Why does the prospect of making an honest personal inventory, as Life Recovery Step Four states, scare most people?
When someone does a personal inventory, there’s an enormous amount of pain involved. Why? Because it’s painful for a person to come to terms with how they’ve harmed themselves and others. So, out of all the 12 Steps, Step Four is often one of the most challenging steps.
Life Recovery Step Four says, “We made a searching and fearless moral inventory of ourselves.”
It won’t be easy as a person takes stock of their life. Making a moral inventory involves writing down all the things they have done that have hurt themselves or others. These things may bother them—and they want to forget them. Thinking about the past and writing it down might be the last things someone wants to do.
One of the best examples of this in the Bible is when the Jewish exiles returned to Jerusalem after the Babylonian Captivity. After rebuilding the city walls and the temple, the priests gathered the people to read the Book of the Law. Not surprisingly, they had lost touch with God. And they didn’t know His laws—so naturally, they hadn’t practiced them either. Then, the people were so overwhelmed with grief that they began sobbing because they did not measure up.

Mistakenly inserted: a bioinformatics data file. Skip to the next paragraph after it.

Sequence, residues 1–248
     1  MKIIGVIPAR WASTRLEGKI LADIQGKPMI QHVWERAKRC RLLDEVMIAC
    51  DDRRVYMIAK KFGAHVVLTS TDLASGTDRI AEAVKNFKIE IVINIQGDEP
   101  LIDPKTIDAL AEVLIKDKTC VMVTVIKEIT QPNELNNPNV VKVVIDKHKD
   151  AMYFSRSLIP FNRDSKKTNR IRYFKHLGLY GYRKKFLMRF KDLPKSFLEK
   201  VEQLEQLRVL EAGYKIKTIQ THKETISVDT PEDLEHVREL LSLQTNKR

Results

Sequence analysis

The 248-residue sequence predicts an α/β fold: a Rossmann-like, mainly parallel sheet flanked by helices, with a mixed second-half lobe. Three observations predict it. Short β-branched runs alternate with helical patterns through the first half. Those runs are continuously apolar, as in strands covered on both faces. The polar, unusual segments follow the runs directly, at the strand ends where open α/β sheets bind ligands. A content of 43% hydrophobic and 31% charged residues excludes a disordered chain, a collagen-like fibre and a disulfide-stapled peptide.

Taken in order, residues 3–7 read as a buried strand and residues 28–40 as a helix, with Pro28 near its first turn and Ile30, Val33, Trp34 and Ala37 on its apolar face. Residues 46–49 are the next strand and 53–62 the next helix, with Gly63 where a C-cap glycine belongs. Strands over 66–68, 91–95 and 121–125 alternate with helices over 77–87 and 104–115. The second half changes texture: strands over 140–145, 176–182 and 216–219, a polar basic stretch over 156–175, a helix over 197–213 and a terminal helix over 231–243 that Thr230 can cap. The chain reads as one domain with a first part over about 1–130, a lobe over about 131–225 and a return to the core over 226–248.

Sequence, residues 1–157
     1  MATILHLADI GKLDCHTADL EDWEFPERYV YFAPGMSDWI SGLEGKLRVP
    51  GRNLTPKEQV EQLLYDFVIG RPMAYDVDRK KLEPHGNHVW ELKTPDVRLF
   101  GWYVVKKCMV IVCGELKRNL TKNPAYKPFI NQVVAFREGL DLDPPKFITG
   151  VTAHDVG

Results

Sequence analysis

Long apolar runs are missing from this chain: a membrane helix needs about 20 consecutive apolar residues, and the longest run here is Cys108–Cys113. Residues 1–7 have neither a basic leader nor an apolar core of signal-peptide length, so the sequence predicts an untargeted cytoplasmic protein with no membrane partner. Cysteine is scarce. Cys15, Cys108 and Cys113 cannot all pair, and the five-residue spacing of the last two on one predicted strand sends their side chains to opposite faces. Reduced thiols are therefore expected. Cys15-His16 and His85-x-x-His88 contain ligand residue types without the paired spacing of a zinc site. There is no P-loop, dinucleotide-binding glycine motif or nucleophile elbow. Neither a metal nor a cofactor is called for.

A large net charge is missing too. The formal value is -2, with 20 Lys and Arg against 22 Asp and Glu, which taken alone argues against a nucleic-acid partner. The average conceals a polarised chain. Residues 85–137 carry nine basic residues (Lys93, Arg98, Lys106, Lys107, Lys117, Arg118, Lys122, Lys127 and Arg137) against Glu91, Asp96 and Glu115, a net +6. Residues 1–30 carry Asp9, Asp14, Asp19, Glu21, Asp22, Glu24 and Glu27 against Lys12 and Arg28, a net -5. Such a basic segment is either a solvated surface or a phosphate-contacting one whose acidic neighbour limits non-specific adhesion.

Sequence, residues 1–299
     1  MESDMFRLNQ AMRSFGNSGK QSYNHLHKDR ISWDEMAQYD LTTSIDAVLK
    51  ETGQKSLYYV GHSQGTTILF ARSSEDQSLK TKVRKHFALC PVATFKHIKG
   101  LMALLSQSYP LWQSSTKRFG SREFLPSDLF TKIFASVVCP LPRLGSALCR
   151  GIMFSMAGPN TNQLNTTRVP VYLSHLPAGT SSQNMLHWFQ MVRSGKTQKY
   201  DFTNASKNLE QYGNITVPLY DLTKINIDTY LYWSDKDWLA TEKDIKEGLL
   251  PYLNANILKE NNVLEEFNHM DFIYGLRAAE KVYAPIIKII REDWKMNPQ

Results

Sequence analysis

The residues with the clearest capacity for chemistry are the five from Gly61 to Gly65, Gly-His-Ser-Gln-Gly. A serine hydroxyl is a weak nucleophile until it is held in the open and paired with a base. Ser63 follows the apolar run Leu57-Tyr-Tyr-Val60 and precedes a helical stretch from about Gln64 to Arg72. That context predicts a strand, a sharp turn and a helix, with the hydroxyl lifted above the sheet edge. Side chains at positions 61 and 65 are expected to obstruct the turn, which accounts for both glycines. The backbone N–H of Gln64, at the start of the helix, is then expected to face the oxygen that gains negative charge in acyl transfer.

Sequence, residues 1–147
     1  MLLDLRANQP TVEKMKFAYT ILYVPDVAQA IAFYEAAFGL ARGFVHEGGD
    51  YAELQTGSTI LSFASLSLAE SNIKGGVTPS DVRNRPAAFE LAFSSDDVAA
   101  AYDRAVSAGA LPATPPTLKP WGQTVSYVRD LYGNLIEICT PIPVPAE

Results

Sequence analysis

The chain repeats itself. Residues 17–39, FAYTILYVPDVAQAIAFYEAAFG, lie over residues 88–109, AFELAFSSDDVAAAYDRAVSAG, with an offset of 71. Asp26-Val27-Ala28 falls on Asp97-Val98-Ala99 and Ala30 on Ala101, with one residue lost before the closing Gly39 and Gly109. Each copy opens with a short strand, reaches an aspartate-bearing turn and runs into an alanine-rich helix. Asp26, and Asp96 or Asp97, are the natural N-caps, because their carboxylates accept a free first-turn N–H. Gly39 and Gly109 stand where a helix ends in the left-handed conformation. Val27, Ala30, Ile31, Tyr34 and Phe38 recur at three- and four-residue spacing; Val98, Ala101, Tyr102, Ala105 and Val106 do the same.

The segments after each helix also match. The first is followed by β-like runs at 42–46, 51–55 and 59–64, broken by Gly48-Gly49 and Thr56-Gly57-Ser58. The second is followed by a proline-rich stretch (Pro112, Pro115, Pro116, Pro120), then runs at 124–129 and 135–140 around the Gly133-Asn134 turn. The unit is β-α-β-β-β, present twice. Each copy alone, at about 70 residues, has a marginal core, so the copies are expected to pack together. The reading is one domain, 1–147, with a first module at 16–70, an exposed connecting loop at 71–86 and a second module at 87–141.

The priests said, “Don’t mourn or weep on such a day as this! For today is a sacred day before the LORD your God…Go and celebrate with a feast of rich foods and sweet drinks, and share gifts of food with people who have nothing prepared . . . for the joy of the LORD is your strength!” (Nehemiah 8:9-10, NLT).
That day marked the beginning of Sukkot, also known as the Festival of Tabernacles, a required Jewish feast that celebrated their escape from bondage in Egypt and God’s care for them while they wandered in the wilderness. But after they assessed where they were at in their relationship with God, they could reconnect with Him and grow in relationship with Him.
Like the Jews who returned to Jerusalem out of captivity, someone who makes a moral inventory will receive the “joy of the Lord” to give them strength. This joy comes from recognizing and celebrating God’s ability to bring them out of bondage and care for them as they pass through the sadness toward a new way of life.
One must lay down their sadness and face the things that have hurt their heart and others. When they do, they’ll find strength—the joy in the Lord always helps to face the sadness.
by Steve Arterburn